When a person has one or more irrational fears and an avoidance of certain objects and situations, we call it a phobia. The difference between phobia and Generalized Anxiety Disorder (GAD) is that the phobia is a fear response to something specific (fear of spiders, flying, heights, groups of people, etc.). Even if you know your fears are irrational and unreasonable, it is almost impossible to control the anxiety response that is triggered.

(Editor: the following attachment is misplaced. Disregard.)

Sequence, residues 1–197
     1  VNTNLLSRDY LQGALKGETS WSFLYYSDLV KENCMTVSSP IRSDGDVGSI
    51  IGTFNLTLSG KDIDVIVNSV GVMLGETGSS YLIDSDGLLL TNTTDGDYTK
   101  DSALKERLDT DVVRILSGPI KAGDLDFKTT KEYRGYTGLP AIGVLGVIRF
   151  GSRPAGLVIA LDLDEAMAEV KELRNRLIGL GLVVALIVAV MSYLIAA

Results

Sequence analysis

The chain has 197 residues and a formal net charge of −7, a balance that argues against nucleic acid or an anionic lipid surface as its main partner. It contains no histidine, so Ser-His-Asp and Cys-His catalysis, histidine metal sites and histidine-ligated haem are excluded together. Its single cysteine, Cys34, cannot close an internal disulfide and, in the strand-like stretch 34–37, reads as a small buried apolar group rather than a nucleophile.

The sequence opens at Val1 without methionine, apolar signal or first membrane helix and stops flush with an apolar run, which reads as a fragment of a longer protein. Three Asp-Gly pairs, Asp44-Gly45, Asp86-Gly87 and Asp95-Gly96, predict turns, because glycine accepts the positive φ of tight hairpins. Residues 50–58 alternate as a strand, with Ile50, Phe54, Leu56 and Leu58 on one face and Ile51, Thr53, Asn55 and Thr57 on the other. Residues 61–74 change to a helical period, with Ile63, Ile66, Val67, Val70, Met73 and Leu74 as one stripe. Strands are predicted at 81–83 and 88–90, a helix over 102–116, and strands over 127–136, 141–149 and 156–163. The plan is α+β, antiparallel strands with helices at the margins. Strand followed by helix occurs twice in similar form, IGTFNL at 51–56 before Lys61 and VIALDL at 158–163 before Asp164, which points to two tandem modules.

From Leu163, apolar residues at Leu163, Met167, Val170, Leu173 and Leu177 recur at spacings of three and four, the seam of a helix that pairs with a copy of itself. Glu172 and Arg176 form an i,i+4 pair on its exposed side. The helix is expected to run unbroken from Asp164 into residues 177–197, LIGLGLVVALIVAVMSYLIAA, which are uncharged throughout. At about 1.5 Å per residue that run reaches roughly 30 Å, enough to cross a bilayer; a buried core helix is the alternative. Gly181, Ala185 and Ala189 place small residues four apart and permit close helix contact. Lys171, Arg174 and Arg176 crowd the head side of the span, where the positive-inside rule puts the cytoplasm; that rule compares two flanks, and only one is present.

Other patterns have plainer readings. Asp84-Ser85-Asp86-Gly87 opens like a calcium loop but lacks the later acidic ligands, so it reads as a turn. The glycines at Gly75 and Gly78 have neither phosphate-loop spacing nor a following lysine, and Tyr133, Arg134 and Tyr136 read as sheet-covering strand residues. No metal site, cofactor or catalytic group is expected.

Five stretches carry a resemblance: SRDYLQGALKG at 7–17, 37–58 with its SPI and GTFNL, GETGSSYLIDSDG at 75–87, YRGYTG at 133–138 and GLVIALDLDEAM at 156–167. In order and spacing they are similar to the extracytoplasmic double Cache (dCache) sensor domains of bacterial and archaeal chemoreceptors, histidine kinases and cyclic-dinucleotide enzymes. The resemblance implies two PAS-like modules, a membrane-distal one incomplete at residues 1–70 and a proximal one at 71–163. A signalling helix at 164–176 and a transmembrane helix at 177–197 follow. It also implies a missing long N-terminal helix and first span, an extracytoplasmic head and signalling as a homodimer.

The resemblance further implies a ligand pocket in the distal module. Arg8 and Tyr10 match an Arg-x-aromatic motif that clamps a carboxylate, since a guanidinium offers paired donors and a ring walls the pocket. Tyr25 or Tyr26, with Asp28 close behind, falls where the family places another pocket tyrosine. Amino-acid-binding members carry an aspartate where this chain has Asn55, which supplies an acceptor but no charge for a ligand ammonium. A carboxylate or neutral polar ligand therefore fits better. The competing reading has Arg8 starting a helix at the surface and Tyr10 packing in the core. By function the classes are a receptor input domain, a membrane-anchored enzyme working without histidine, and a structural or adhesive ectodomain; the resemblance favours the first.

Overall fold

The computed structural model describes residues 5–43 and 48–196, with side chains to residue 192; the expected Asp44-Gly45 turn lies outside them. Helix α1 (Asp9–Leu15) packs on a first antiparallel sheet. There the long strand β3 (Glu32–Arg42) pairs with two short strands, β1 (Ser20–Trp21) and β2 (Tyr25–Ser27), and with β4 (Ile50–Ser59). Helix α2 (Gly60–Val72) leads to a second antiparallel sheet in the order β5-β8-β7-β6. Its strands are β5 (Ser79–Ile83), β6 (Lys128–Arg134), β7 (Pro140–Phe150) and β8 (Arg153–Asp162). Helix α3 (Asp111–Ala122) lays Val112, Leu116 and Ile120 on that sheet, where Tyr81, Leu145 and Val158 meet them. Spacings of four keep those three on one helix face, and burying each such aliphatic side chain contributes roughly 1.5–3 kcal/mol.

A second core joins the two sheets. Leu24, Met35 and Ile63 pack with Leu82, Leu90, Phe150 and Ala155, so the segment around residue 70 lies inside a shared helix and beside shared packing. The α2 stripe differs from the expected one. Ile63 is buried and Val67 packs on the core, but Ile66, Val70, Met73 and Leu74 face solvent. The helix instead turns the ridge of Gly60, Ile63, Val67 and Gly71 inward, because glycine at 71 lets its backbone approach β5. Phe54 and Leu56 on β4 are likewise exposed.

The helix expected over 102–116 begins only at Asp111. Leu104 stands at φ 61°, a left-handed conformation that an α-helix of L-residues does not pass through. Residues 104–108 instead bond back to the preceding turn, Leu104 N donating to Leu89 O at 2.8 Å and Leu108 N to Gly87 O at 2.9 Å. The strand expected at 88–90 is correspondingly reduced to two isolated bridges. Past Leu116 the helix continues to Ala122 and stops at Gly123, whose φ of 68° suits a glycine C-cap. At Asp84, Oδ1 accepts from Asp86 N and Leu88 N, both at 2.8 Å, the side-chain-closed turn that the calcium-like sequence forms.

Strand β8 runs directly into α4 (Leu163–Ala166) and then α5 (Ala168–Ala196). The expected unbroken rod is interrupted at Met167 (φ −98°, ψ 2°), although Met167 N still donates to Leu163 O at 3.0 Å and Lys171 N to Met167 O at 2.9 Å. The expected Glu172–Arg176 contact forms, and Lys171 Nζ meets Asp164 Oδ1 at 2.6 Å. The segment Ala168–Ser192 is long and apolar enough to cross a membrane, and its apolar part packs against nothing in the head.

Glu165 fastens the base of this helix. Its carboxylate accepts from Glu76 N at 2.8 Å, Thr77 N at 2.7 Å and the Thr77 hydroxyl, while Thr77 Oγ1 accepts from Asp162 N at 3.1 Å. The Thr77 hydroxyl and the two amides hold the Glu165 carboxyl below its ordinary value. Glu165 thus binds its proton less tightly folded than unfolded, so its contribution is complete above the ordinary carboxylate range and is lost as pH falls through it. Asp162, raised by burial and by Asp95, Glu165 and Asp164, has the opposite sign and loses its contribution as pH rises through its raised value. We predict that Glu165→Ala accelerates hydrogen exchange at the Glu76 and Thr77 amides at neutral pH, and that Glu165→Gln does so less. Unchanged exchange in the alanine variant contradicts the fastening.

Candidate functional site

Phobias take place through the action of deep brain structures such as the amygdala, which have been provided by nature to ensure a flight response when we encounter a life-threatening challenge. Due to life experiences and perhaps a genetic sensitivity, many people become conditioned (programmed) to react intensely to stimuli that are not at all dangerous.
Agoraphobics, for instance, will almost always sit near the door or carry out other behaviors that will make it easy to escape a situation without embarrassment.